South Sudan: Opposition Parties Reject Kiir's "Red Line" Position in Negotiations

Juba — Political parties in South Sudan said they have rejected drawing of "red lines" by the warring parties in the stalled peace negotiations in Addis Ababa in order to end the six-month old political crisis in the country.

On Thursday leaders and representatives of the association of 21 political parties, including the main opposition leader, Lam Akol, held a press conference in Juba in which they urged president Salva Kiir and opposition leader, Riek Machar, to get their delegations back to direct negotiations to reach a political solution and form an interim government.

President Salva Kiir this week while addressing the national parliament said removing him from his job as demanded by the rebels in the proposed interim government was a "red line" that should not be crossed. He argued that he was elected by the people and should remain the president till next elections.

He also told parliamentarians to fight for their jobs, warning that the call by the rebels to restructure the state on the basis of a federal system would also dissolve the current membership in parliament.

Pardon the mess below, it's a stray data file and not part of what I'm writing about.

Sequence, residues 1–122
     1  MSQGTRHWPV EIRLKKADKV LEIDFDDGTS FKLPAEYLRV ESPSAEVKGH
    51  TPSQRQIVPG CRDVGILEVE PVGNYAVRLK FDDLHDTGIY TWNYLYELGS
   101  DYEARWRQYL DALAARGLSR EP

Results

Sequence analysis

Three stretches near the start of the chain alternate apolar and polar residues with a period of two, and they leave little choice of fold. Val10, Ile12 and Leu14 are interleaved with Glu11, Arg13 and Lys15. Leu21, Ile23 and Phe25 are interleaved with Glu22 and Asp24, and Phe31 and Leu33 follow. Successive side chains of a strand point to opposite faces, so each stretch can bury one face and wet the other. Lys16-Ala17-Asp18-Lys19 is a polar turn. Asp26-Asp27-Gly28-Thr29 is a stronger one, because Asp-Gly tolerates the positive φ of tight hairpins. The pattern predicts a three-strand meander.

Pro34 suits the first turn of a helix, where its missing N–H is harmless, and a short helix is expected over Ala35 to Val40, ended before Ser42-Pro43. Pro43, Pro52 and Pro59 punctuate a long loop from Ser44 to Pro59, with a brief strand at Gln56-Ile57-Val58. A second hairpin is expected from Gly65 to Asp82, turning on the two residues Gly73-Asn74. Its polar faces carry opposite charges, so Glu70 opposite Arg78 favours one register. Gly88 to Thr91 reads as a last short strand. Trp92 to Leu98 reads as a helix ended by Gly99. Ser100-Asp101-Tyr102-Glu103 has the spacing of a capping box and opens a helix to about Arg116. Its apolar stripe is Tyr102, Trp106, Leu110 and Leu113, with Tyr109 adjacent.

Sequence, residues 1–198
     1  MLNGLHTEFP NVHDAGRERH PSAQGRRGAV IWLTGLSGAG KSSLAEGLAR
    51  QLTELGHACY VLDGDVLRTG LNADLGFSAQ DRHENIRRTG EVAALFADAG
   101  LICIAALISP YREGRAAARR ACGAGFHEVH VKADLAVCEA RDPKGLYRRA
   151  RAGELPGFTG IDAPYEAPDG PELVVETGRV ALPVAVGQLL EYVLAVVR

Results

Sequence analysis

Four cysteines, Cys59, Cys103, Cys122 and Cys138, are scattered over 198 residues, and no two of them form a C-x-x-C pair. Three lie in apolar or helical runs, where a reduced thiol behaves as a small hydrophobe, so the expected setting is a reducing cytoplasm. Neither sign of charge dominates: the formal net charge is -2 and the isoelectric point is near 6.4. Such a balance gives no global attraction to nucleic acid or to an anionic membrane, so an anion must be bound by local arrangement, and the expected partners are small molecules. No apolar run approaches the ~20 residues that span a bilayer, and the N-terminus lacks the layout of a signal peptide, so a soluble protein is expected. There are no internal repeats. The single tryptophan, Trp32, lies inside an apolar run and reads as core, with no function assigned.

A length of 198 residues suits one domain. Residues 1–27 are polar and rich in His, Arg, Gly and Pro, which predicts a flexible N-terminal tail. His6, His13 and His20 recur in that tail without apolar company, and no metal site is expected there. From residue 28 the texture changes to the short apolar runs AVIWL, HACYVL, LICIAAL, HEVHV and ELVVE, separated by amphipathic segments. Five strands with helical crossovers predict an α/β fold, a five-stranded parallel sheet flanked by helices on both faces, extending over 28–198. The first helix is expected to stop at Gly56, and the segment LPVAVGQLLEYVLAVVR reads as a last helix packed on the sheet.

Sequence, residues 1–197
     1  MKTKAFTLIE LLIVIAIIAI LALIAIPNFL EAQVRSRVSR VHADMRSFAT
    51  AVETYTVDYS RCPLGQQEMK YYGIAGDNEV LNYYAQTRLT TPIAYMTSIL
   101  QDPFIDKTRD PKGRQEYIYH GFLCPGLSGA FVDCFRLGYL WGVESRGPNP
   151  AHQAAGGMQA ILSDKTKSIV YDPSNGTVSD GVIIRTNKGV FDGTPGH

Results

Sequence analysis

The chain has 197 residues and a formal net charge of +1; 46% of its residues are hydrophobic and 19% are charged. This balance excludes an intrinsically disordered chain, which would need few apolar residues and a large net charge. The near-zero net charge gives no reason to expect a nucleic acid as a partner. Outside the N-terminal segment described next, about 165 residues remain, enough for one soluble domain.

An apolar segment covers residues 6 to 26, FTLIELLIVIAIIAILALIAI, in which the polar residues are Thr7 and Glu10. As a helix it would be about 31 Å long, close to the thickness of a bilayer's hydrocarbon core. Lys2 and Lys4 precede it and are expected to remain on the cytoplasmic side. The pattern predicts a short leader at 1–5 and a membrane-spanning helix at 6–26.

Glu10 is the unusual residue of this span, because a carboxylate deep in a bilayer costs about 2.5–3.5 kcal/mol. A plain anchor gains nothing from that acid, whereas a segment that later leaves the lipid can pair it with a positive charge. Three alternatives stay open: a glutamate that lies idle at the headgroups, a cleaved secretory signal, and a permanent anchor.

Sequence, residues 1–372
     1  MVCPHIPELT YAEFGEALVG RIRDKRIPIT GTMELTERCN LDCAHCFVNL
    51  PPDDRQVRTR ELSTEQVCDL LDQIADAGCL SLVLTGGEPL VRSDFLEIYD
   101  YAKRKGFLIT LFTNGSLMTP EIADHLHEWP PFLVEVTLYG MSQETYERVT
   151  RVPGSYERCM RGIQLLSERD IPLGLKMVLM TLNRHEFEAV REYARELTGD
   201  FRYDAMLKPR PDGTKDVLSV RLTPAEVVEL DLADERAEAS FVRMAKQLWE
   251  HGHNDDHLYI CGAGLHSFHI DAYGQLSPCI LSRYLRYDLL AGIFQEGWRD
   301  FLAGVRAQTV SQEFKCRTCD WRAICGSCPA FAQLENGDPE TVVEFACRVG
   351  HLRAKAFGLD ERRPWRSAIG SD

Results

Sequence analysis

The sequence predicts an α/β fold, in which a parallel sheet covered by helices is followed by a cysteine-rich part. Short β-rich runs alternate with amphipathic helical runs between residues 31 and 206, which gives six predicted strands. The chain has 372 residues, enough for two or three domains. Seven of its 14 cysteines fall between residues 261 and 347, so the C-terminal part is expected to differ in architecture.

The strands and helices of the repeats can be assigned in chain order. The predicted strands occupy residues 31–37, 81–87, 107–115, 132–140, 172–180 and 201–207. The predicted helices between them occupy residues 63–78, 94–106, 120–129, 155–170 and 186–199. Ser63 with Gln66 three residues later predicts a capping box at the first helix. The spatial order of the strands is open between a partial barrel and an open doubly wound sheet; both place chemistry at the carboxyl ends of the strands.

However, South Sudanese political parties, many of whom are in government, said in negotiations there was need for flexibility and compromises, warning it was harmful to draw red lines.

"We the people of South Sudan must rise above our individual group and party interests and put the interests of our country above any other considerations," partly reads the press release.

"Until now they have not even agreed on the agenda of the negotiations," charged Lam Akol, chairman of SPLM-DC and member of the government delegation to the negotiations representing the other political parties.

"In addition to what was said by Dr. Lam, we as political parties we cannot agree with red lines. There is no red line. This is a negotiation," announced Garang Thuch Garang, PURE party chairman.

The parties reigned on the two rival factions to resume the talks without any delay, calling on them to expedite the process and end the bloodshed in the new country.

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